The sixth futsal (indoor football) World Cup kicks off on Tuesday with 20 teams competing. This year’s favourites are Brazil, three-time champions and host nation, and Spain, two-time winner and current title holder.
From Sept. 30 to Oct. 19 , Brazilian cities Rio de Janeiro and Brasila will host the sixth futsal World Cup - the most important event in indoor football. Twenty teams from five continents will vie for the world champion title.
Europe will be represented by six teams (Spain, Russia, Italy, Portugal, Ukraine and the Czech Republic), Latin America by four (Brazil, Argentina, Paraguay and Uruguay), while the rest of America will have three competing teams (USA, Cuba and Guatemala). Five countries will be present from Asia (Iran, China, Japan and Thailand), two from Africa (Egypt and Libya), while the Salomon Islands will be the sole country from Asia and the Pacific
Futsal (contraction of Futebol de Salão) or indoor football, originated in the 1930s in the schools of São Paolo to compensate for the lack of playing fields. The sport soon spread through Latin America and then gained notoriety across the world.
As compared to traditional football, futsal has fewer players, and can be adapted to indoor stadiums of different sizes. The sport is thus practiced by more people than in traditional football, though its popularity is far less.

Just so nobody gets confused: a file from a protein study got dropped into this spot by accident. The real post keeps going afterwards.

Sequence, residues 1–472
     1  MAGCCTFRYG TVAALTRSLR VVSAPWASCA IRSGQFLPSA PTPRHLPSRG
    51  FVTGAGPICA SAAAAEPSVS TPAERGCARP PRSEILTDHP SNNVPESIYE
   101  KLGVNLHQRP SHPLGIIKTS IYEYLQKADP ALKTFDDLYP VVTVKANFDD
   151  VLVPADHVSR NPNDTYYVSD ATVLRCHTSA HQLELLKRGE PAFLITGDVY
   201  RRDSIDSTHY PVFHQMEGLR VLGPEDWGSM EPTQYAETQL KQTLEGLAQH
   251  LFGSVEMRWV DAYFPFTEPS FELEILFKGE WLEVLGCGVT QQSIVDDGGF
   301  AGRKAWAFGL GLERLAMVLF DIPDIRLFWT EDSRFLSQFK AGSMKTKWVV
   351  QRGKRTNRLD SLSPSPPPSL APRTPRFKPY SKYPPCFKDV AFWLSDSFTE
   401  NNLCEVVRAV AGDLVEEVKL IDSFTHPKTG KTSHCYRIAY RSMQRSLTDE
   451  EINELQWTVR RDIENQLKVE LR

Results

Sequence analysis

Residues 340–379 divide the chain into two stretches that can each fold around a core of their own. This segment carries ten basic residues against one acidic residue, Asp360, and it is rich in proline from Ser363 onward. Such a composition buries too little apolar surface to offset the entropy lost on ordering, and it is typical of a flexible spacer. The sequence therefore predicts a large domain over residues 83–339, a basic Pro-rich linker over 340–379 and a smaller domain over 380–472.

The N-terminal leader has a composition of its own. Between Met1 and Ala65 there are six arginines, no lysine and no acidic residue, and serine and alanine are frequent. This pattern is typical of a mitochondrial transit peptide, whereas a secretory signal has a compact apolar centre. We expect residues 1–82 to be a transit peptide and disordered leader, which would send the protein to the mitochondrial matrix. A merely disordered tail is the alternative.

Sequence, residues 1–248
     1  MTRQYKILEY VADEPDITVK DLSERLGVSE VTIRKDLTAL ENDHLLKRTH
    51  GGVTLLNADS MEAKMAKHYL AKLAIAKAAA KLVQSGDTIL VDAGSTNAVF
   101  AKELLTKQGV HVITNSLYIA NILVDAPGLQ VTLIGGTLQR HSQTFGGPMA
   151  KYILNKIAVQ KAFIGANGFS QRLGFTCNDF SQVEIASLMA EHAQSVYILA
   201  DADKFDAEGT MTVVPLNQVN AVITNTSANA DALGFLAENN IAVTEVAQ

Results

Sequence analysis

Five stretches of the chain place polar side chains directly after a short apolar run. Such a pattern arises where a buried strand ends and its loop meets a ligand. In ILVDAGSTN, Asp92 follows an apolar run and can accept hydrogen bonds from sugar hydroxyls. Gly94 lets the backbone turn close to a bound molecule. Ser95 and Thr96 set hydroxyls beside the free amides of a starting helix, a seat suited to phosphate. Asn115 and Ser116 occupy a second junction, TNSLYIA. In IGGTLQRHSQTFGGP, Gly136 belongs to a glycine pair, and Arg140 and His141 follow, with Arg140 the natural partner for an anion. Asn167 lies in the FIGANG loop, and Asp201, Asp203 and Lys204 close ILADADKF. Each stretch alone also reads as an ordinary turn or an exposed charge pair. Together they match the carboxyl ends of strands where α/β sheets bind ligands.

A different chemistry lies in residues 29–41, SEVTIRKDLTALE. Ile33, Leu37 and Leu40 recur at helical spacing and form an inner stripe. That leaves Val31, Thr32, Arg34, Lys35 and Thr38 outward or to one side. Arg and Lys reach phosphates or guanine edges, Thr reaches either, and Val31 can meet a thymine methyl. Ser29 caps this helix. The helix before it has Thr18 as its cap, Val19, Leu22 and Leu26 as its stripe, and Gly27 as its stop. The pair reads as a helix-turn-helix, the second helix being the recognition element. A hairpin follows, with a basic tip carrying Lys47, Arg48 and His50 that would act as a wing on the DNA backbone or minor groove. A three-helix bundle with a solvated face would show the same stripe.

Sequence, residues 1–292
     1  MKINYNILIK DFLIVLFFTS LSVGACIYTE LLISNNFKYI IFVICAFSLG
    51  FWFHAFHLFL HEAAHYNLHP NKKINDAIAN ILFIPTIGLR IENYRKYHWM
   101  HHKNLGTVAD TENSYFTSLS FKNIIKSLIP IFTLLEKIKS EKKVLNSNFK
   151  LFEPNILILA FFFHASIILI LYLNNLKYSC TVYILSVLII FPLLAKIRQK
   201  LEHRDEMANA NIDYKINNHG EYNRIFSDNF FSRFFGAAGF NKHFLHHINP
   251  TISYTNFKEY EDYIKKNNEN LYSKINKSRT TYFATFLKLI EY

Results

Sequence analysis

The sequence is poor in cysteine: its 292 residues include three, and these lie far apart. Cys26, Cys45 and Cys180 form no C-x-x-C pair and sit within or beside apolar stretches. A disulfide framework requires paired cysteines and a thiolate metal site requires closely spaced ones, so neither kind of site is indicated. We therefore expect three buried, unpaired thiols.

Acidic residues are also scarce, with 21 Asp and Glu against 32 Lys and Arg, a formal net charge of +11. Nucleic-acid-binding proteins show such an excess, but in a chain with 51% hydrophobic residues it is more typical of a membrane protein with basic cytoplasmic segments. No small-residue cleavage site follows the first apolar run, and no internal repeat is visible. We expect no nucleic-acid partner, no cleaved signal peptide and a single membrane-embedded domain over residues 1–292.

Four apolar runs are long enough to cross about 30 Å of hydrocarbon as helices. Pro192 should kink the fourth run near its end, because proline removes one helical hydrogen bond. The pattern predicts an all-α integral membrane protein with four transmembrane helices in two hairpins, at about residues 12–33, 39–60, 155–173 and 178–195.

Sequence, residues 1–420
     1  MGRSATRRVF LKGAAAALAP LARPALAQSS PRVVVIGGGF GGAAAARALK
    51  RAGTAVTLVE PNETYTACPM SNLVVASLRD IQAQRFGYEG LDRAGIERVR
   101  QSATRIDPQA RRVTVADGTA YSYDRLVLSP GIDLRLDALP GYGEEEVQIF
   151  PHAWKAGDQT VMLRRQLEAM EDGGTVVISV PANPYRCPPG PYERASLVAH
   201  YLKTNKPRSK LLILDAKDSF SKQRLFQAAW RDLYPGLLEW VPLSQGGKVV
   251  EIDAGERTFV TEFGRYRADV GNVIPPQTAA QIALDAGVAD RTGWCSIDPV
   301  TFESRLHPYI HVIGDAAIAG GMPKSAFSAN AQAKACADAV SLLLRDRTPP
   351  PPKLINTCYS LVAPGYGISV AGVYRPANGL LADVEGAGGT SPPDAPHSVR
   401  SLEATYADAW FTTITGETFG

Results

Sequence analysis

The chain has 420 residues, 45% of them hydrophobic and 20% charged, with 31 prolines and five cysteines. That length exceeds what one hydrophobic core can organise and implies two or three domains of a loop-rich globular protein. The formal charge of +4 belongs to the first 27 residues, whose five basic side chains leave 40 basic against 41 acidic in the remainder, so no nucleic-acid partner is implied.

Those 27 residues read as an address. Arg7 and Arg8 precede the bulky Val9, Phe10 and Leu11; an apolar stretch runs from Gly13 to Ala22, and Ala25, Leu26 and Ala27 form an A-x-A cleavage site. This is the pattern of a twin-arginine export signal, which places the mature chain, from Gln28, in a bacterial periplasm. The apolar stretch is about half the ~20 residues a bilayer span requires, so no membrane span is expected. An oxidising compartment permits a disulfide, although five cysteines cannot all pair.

A typical futsal team has five players, including a goalkeeper. The ball used is smaller and heavier than in traditional football. Meticulous technique and swiftness is thus required of the futsal player, a reason why the sport has become compulsory in football training schools. As the saying goes in the football community, a professional footballer starts his career in futsal and ends it in beach soccer.
Falcao, the most spectacular player in the world
Football fans know that stars like Brazil’s Zico or Cantona from France finished their careers in beach soccer. But few know that the majority of renowned professional footballers started off as futsal players.
Until the late 1980s, FIFA did not allow the association of the term football with the indoor version of the sport, hence the name futsal. The sport’s overwhelming success compelled the federation to finally integrate futsal into its structure.
Three world cup championships were held prior to FIFA integration. Brazil won the first two titles and Paraguay won the third. Following futsal’s acceptance by FIFA, five world tournaments have been held. Brazil won the first three in 1989, 1992 and 1996. The last two world championships in 2000 and 2004 crowned Spain.
Taking into account their previous titles, Spain, led by 34 year-old Javi, and Brazil, captained by 31 year-old Falcao – known as the most spectacular player in the world – are the two obvious favourites. Many are already hoping for a clash between the two teams in the final, in which Brazil hopes to wrench away the world title from the defending champions.
However, over the years, other teams like Argentina, Russia, Italy, Portugal, Egypt and Iran have shown much improvement. This year’s futsal World Cup may well bring forth a surprise winner.
Date created : 2008-09-30